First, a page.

Dick Brouwer

Code, Hacks, Startups, Engineering, and some World Travel

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Django, ZeroMQ and Celery: multiprocessing gotcha

ZeroMQ can be a great tool, however, there a few things to keep in mind, especially if you are using it in conjunction with Celery (not as a message broker, I assume you’re using something else like RabbitMQ for this).

It’s not very well documented, but during launch, Celery uses multiprocessing to start the Python workers. On Unix-based systems, multiprocessing uses the fork() system call to spawn new processes. Forking copies the parent process into a new process, which causes an issue with open file descriptors (including sockets). This would also be a problem for Django’s database connection, but Celery will reset that by default.

So, if you are using ZeroMQ inside a Celery task (for logging for example), you need to force the worker to manually close and re-open the ZeroMQ context. You can easily do this using the built-in Celery signal worker_process_init. The following helper module takes care of this:

Filed under zeromq python code celery

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Saturday iOS tip

Don’t (ever) call [self.view something] in a UIView’s -(id)init method. Why? Calling a UIView’s view will automatically load it if it isn’t already loaded. So in this case, ViewDidLoad will finish before the class is fully initialized (which can cause all kinds of weird bugs).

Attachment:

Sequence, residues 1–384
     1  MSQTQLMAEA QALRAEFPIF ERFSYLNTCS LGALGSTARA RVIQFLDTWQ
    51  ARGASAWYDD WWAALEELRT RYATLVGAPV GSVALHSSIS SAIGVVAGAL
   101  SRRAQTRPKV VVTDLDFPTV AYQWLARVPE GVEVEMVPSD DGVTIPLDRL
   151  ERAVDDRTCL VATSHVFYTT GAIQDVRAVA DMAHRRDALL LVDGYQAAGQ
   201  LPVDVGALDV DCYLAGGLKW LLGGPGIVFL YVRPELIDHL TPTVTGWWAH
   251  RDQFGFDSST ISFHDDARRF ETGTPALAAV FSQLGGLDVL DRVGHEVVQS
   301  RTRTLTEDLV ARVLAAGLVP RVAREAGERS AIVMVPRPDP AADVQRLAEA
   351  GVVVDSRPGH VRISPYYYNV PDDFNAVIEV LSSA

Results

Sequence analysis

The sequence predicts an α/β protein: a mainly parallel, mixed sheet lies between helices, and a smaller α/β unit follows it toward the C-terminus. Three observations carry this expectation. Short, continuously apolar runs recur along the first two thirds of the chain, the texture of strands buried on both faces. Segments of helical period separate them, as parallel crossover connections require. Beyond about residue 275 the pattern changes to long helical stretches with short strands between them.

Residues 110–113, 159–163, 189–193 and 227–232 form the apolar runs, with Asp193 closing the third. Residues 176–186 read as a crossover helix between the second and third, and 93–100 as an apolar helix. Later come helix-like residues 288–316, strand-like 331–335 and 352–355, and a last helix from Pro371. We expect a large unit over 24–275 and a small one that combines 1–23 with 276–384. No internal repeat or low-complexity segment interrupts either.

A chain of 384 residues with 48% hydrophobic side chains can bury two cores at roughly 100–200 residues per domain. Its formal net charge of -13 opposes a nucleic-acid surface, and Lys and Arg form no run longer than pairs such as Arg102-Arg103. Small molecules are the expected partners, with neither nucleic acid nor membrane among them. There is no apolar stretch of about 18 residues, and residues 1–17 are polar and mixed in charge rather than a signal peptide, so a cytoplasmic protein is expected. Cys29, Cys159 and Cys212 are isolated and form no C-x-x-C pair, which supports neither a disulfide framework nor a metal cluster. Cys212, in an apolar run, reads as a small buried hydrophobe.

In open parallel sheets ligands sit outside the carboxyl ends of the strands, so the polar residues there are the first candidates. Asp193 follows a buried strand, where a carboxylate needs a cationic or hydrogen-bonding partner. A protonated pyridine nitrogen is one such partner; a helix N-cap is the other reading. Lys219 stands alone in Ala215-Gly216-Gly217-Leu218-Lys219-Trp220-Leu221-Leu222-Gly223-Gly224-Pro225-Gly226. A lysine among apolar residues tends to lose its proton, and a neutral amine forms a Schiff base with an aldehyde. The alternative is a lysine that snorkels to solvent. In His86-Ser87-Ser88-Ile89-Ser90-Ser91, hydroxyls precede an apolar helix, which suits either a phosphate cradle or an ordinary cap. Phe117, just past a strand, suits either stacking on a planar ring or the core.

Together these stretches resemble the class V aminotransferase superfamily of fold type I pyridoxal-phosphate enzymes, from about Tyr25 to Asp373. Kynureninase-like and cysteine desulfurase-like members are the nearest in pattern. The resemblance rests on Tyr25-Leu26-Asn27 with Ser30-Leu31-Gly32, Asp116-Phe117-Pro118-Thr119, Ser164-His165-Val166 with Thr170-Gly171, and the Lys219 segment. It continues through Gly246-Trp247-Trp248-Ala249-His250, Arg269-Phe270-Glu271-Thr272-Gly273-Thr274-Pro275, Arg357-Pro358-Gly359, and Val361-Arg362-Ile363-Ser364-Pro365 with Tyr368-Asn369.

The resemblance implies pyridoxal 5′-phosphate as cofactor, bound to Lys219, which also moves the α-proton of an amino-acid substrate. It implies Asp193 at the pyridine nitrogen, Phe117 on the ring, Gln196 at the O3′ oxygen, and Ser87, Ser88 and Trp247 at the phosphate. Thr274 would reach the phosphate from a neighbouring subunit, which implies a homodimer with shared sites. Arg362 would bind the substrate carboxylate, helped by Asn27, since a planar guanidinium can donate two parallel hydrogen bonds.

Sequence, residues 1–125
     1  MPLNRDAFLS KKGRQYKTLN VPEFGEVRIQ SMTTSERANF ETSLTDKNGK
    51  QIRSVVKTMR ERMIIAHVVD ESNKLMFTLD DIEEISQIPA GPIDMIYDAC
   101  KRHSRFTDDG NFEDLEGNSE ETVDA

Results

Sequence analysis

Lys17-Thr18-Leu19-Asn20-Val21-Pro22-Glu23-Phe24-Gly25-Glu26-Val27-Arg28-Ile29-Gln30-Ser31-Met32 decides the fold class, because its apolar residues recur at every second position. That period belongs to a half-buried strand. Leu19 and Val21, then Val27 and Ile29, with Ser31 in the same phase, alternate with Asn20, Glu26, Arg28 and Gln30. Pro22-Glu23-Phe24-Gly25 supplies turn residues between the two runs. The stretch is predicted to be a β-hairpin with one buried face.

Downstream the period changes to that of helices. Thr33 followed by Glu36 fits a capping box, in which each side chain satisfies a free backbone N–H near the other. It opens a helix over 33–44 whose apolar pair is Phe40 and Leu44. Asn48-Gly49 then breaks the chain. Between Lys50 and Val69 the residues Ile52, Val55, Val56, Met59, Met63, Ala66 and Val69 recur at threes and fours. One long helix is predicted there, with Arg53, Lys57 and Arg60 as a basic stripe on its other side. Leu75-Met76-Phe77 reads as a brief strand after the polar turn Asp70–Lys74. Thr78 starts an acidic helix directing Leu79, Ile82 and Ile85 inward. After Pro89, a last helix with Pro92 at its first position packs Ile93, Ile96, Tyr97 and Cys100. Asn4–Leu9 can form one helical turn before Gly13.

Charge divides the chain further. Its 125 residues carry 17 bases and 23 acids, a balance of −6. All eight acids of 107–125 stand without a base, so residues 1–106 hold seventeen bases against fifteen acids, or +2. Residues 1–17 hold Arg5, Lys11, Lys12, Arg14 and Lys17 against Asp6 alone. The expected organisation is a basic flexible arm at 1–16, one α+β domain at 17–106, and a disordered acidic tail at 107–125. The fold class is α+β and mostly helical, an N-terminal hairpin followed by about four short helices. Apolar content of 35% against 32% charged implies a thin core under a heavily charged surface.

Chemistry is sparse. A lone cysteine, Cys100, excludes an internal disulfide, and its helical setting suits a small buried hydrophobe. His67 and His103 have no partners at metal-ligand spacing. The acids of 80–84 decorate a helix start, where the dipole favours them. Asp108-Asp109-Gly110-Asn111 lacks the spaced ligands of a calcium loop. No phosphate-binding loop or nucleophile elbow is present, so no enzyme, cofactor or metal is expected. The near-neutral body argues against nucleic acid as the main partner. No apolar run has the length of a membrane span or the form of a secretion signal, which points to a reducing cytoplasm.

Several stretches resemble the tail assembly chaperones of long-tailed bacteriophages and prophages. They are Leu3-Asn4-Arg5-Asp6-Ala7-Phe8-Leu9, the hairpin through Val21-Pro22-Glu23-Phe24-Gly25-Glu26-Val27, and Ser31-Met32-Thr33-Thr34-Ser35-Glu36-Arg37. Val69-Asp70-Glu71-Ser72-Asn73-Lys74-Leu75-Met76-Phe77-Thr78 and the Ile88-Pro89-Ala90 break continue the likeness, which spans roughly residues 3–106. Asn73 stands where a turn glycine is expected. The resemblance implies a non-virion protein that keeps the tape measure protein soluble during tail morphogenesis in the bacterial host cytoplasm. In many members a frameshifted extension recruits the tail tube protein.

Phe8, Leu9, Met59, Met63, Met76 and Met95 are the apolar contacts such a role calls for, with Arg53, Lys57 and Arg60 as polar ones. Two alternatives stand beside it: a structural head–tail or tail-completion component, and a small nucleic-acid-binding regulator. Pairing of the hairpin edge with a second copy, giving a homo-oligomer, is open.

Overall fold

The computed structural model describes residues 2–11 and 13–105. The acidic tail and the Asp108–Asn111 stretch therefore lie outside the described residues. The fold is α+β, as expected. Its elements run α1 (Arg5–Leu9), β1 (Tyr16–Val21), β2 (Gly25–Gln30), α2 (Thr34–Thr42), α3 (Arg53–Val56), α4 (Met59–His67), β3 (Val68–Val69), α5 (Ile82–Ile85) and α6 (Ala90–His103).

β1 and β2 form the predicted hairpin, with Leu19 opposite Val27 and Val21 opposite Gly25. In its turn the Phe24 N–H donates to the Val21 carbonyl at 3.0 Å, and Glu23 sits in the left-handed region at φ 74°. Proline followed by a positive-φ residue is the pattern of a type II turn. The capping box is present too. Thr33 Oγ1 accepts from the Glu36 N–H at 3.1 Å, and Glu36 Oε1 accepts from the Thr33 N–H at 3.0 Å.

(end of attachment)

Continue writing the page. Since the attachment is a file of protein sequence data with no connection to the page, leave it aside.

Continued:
It makes sense and it’s obvious… after the fact. :)

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My (least) favorite iOS ‘bug’ to-date

Sometimes you get stuck, very stuck and nobody seems to be able to point you in the right direction. This was one of those moments. The gist of it goes as follows:

We are instantiating singletons using a very efficient approach as suggested in the book: iOS 5 Programming Pushing the Limits:

At the same time, we observe a property of this shared instance using KVO. Now here is the tricky part. iOS internally implements KVO using class swizzling. This basically means that when you first call addObserver:forKeyPath:options:context: on an object, the framework creates a new KVO subclass of the class and converts the observed object to that new subclass (as I found out after a while). Well,┬áthis doesn’t work in combination with the suggested +initialize method to create singletons. In fact, initialize is called twice (once for the superclass, and once for the internally generated subclass).

Conclusion: if you are using KVO, create a (non-strict) singleton using the approach below, it will save you some headaches.